## Linear regression

Linear regression assumes a linear relationship between your variables; this can be stated as *how much does Y change when X changes one unit, holding all other factors constant.* This may be with one or many (multivariate) variables.

### Simple linear regression

For my initial regression, I am interested in how much of an effect vehicle weight has on the mileage of vehicles, based on the **auto.dta** dataset (pre-loaded with Stata).

In the output above, you see an ANOVA table showing *sum of squares* (SS) and *mean squares* (MS) for the model and your residuals. To the right of the ANOVA table, you see the test statistic (F=134.64) for this test and your number of observations (n=74). *Root MSE* (mean square error) can be used as a metric of overall fit for your model (lower numbers indicate a better overall fit). *Pr**ob > F* is the p-value for the overall model; many fields use 0.05 as a threshold value for statistical significance here. *R-squared* shows the amount of variance in mpg explained by weight (in this case, ~65%). *Adjusted R-squared* shows that same variance, but taking into account the number of variables and cases in your model.

In the lower table, you have information on individual variables and their coefficients. In this example, we interpret the coefficients as "for every unit increase in weight, mpg decreases by 0.006". (By using *describe weight,* we can confirm that weight is in pounds.) the *t-values* and related p-values (P>|t|) test whether or not the coefficient of a variable is greater than zero. In this case, we have evidence that vehicle weight is statistically significant in explaining the mpg of a vehicle.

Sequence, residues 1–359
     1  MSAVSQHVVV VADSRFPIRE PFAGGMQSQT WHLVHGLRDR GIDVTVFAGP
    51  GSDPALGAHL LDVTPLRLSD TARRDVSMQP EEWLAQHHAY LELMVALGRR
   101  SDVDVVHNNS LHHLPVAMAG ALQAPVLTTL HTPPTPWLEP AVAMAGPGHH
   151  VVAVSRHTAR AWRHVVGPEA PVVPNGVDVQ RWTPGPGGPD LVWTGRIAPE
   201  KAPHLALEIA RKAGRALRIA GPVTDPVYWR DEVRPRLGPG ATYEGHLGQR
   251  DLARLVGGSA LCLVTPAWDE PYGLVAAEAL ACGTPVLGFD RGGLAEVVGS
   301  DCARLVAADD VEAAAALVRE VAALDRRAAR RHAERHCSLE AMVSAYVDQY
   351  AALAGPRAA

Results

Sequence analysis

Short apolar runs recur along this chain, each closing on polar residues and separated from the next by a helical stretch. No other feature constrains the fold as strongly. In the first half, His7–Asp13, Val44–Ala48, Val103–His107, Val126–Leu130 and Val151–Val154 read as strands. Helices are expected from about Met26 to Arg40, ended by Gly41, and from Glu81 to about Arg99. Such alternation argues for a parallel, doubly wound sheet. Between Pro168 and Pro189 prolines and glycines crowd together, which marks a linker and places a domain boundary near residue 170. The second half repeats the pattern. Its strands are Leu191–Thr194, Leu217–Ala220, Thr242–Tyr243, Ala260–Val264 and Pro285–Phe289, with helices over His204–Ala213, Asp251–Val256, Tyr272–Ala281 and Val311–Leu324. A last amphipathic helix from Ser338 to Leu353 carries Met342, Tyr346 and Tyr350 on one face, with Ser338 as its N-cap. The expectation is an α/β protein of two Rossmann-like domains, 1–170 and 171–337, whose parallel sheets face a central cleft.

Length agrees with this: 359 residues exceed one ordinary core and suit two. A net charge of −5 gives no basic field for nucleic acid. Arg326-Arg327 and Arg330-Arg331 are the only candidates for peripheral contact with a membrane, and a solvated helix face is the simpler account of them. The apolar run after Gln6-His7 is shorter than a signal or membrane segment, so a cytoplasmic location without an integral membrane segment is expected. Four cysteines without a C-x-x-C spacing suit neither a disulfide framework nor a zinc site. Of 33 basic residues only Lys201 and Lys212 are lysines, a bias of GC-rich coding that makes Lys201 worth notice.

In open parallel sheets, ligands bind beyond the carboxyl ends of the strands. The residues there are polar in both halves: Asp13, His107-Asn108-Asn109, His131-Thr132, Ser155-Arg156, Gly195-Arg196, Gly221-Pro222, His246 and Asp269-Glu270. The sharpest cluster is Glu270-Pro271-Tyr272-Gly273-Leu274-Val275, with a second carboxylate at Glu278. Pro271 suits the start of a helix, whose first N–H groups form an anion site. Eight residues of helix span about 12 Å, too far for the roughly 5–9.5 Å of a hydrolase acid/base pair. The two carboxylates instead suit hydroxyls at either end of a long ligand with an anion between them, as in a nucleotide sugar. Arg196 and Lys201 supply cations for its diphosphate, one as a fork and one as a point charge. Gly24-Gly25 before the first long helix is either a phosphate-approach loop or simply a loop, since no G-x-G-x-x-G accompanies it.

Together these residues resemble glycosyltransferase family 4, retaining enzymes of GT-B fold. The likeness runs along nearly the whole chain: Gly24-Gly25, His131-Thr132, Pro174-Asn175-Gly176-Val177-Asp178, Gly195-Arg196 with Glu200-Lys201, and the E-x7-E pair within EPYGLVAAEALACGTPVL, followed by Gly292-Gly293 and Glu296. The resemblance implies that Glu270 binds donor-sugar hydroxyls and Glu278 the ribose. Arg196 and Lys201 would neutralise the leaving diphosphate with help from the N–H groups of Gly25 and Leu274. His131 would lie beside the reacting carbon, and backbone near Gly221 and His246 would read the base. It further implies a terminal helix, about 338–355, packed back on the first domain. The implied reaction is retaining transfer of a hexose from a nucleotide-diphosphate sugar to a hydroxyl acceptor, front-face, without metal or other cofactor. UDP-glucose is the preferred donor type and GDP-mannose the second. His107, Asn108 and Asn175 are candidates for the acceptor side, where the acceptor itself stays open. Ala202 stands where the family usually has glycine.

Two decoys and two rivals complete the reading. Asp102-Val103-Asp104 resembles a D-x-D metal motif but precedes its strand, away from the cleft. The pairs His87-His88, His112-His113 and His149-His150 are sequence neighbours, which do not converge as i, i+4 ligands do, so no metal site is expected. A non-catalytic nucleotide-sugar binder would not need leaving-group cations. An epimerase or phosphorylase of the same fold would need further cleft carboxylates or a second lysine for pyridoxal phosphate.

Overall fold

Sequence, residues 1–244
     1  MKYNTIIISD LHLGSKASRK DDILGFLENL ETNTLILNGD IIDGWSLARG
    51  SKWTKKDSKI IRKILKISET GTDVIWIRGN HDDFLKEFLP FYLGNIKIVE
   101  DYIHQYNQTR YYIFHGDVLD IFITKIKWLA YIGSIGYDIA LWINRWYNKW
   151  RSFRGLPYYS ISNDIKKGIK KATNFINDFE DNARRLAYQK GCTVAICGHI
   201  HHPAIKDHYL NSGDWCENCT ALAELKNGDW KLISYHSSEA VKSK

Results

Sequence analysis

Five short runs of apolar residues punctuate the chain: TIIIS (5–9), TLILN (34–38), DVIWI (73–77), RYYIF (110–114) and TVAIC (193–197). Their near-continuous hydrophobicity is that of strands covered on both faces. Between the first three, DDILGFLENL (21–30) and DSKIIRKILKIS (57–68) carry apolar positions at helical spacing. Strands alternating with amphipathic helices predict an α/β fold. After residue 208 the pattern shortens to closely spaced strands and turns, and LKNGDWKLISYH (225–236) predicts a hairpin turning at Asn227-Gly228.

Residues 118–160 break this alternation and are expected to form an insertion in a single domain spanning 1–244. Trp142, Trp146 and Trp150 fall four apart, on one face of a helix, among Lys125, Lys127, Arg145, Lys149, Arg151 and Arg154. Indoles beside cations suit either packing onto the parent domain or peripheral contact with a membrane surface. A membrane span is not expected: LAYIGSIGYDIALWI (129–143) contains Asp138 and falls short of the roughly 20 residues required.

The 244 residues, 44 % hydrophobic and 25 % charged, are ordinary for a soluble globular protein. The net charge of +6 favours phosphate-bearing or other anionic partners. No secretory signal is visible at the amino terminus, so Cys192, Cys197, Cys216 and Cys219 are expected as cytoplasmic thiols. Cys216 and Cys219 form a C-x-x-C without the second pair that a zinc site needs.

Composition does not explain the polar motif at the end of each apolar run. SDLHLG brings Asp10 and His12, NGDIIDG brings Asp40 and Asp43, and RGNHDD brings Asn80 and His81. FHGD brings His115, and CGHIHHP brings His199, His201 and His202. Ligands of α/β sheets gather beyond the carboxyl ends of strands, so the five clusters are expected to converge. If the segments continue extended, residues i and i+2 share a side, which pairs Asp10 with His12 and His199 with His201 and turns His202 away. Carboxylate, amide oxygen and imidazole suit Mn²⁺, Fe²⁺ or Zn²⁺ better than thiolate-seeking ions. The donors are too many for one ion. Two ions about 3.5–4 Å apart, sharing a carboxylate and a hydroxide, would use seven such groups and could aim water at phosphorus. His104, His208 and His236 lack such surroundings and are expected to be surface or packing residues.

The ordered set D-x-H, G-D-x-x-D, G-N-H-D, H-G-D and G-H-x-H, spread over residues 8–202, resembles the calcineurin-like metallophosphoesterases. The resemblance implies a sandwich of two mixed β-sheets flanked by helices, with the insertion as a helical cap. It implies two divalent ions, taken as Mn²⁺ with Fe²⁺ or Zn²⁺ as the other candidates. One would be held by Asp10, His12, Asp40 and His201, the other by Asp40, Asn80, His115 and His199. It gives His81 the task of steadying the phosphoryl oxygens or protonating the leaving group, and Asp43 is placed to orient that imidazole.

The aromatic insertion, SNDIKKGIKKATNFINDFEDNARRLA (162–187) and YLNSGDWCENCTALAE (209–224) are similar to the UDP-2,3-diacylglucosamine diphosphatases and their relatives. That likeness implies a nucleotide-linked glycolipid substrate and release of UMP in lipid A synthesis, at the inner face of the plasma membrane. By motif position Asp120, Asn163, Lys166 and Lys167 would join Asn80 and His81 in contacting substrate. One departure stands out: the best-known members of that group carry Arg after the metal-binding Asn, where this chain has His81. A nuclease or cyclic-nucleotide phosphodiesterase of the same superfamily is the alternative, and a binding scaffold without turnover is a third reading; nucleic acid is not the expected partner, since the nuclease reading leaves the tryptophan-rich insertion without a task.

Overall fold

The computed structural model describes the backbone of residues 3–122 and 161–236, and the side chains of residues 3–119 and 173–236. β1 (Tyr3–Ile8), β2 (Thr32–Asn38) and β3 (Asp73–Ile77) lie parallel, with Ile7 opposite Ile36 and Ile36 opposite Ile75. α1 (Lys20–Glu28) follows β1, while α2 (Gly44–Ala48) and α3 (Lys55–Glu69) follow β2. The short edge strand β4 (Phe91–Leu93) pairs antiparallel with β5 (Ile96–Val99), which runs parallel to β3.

### Multivariate linear regression

For this regression, I am interested in how much of an effect engine size (*displacement*) and vehicle weight (*weight*) have on the mileage of vehicles in vehicles in that same dataset. (**Note** before running analysis, it is a good idea to visualize your data; histograms and scatterplots may be useful for this.)

This output is similar to that of the simple linear regression example. With additional variables in our model, we now interpret R-squared as the amount of variance in Y (mpg) explained by X (displacement, weight). Looking at the t-values and related p-values (P>|t|), we conclude that engine size is not statistically significant in explaining mpg.

**Note:** there are many, many more commands that may be of interest related to linear regression. See Stata documentation below for more on how to transform data, work with weighted data, postestimation commands, and more.

Additional resources: Chapter 1: webbook on regression (simple + multiple) via UCLA

Additional resources: Stata help documentation [regress]